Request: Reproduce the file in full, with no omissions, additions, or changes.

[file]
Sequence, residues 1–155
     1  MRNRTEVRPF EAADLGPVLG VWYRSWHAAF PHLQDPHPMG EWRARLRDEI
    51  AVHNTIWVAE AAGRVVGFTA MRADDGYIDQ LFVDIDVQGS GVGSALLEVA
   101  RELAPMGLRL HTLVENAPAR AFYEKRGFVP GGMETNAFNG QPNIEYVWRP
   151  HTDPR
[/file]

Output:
Sequence, residues 1–155
     1  MRNRTEVRPF EAADLGPVLG VWYRSWHAAF PHLQDPHPMG EWRARLRDEI
    51  AVHNTIWVAE AAGRVVGFTA MRADDGYIDQ LFVDIDVQGS GVGSALLEVA
   101  RELAPMGLRL HTLVENAPAR AFYEKRGFVP GGMETNAFNG QPNIEYVWRP
   151  HTDPR